Several groups of asteroids, including the Valvatacea but especially the Forcipulatacea possess small bear-trap or valve-like structures known as pedicellariae
Pedicellariae
A pedicellaria is a small wrench or claw-shaped structure commonly found on Echinoderms, particularly in sea stars and sea urchins...

. These can occur widely over the body surface. In forcipulate asteroids, such as Asterias or Pisaster, pedicellariae occur in pom-pom like tufts at the base of each spine, whereas in goniasterids, such as Hippasteria, pedicellariae are scattered over the body surface. Although the full range of function for these structures is unknown, some are thought to act as defense where others have been observed to aid in feeding. The Antarctic Labidiaster annulatus uses its large, pedicellariae to capture active krill prey. The North Pacific Stylasterias has been observed to capture small fish with its pedicellariae.

Other types of structures vary by taxon. For example, Porcellanasteridae employ additional cribriform organs which occur among their lateral plate series, which are thought to generate current in the burrows made by these infaunal sea star.

Internal anatomy


As echinoderms, starfish possess a hydraulic water vascular system
Water vascular system
The water vascular system is a hydraulic system used by echinoderms, such as sea stars and sea urchins, for locomotion, food and waste transportation, and respiration. The system is composed of canals connecting numerous tube feet...

 that aids in locomotion. The water vascular system has many projections called tube feet
Tube feet
Tube feet are the many small tubular projections found most famously on the oral face of a sea star's arms, but are characteristic of the water vascular system of the echinoderm phylum which also includes sea urchins, sand dollars and sea cucumbers and many other sea creatures.Tube feet function in...

 on the ventral face of the sea star's arms which function in locomotion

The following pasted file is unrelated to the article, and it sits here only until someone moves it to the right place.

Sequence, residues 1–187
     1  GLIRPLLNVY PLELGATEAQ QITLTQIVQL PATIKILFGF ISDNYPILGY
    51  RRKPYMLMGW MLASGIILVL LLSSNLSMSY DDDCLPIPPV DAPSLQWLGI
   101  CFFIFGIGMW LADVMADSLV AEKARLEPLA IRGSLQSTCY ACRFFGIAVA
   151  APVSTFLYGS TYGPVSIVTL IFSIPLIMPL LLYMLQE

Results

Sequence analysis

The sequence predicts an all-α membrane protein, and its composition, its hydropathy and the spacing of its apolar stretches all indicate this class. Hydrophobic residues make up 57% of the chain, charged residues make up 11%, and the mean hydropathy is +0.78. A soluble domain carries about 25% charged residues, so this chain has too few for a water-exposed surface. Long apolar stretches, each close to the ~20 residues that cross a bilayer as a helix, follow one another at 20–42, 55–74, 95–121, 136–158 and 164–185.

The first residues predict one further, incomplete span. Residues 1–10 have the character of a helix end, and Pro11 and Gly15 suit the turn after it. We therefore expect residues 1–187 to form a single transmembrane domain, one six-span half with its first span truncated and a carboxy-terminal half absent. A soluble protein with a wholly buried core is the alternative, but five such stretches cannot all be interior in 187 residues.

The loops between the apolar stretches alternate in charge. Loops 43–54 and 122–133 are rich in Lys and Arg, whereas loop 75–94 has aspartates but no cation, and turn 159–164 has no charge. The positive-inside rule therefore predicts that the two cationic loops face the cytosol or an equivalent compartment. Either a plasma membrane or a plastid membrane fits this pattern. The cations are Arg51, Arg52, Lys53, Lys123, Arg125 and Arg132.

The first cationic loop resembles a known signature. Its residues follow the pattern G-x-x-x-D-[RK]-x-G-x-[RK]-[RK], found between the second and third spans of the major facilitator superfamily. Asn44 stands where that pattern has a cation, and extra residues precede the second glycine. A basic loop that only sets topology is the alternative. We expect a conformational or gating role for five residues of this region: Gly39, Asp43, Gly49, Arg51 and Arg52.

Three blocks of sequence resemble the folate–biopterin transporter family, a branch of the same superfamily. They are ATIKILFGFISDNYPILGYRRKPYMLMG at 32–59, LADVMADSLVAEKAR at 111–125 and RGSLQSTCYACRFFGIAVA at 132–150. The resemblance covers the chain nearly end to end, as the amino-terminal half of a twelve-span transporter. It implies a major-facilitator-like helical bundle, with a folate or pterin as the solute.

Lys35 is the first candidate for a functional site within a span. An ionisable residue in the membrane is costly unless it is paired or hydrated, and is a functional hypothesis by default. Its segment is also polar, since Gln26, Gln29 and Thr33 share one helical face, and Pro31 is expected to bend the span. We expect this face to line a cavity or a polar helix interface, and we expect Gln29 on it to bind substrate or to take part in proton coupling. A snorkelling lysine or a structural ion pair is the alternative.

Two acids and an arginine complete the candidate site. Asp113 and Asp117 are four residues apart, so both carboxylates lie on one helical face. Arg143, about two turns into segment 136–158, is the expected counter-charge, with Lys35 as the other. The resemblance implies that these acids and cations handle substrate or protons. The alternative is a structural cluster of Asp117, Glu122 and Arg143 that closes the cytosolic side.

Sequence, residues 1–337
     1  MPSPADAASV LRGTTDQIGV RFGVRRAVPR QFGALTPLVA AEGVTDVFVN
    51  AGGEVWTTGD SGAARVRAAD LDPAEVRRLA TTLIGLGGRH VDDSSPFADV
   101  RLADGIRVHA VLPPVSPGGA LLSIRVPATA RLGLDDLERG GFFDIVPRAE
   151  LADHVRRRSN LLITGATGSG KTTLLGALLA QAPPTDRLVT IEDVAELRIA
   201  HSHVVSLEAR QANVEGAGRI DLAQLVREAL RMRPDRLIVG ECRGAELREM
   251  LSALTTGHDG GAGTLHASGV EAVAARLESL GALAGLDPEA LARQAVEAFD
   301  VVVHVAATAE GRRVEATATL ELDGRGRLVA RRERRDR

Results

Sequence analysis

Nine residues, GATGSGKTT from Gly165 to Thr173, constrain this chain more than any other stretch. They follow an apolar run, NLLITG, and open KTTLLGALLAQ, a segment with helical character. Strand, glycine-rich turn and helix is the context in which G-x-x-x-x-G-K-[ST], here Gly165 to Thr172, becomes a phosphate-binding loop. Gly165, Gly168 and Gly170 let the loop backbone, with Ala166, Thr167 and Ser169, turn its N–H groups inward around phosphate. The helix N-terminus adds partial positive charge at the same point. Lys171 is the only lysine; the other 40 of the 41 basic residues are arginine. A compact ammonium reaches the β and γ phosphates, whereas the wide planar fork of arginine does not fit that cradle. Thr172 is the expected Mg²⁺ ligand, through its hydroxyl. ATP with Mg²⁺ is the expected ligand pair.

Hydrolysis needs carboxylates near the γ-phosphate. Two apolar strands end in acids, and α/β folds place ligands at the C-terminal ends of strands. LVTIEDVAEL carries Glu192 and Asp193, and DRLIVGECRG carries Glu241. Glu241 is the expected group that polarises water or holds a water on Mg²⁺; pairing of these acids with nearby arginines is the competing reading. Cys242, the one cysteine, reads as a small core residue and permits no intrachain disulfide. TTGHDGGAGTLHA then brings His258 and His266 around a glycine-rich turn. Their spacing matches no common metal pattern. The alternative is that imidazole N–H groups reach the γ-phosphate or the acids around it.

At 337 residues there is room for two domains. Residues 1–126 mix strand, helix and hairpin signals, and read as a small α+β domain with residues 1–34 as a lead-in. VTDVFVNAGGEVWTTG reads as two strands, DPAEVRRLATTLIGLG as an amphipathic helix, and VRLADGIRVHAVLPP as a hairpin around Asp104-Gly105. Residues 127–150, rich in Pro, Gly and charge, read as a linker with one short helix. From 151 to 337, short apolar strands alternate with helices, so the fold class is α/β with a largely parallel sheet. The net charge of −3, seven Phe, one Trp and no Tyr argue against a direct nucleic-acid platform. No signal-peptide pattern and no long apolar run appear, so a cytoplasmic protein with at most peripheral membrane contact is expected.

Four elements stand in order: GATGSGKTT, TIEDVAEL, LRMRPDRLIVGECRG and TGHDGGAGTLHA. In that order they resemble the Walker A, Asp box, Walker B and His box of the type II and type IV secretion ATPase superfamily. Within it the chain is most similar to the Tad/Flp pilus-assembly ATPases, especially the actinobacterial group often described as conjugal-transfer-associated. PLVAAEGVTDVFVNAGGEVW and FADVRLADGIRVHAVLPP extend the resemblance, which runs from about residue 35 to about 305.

Animal locomotion
Animal locomotion, which is the act of self-propulsion by an animal, has many manifestations, including running, swimming, jumping and flying. Animals move for a variety of reasons, such as to find food, a mate, or a suitable microhabitat, and to escape predators...

 and aid with feeding
Feeding
Feeding is the process by which organisms, typically animals, obtain food. Terminology often uses either the suffix -vore from Latin vorare, meaning 'to devour', or phagy, from Greek φαγειν, meaning 'to eat'.-Evolutionary history:...

. Tube feet emerge through openings in the endoskeleton and are externally expressed through the open grooves present along the bottom of each arm.

The body cavity not only contains the water vascular system that operates the tube feet
Tube feet
Tube feet are the many small tubular projections found most famously on the oral face of a sea star's arms, but are characteristic of the water vascular system of the echinoderm phylum which also includes sea urchins, sand dollars and sea cucumbers and many other sea creatures.Tube feet function in...

, but also the circulatory system
Circulatory system
The circulatory system is an organ system that passes nutrients , gases, hormones, blood cells, etc...

, called the hemal system. Hemal channels form rings around the mouth (the oral hemal ring), closer to the top of the sea star and around the digestive system (the gastric hemal ring). A portion of the body cavity called the axial sinus connects the three rings. Each ray also has hemal channels running next to the gonads.

On the end of each arm or ray there is a microscopic eye (ocellus
Ocellus
A simple eye refers to a type of eye design or optical arrangement that contains a single lens which detect light. A "simple eye" is so-called in distinction from a multi-lensed "compound eye", and is not necessarily at all simple in the usual sense of the word...

), which allows the sea star to see, although it only allows it to see light and dark, which is useful to see movement. Only part of the cells are pigmented (thus a red or black color) and there is no cornea or iris. This eye is known as a pigment spot ocellus
Pigment spot ocellus
The pigment spot ocellus is an ocellus that contains only part of its cells pigmented. It is characteristic of jellyfish, sea stars, and flatworms....

.

Several types of toxins and secondary metabolite
Secondary metabolite
Secondary metabolites are organic compounds that are not directly involved in the normal growth, development, or reproduction of an organism. Unlike primary metabolites, absence of secondary metabolities does not result in immediate death, but rather in long-term impairment of the organism's...

s have been extracted from several species of sea star. Research into the efficacy of these compounds for possible pharmacological or industrial use occurs worldwide.

Digestive system


The mouth of a starfish is located on the underside of the body, and opens through a short esophagus
Esophagus
The esophagus is an organ in vertebrates which consists of a muscular tube through which food passes from the pharynx to the stomach. During swallowing, food passes from the mouth through the pharynx into the esophagus and travels via peristalsis to the stomach...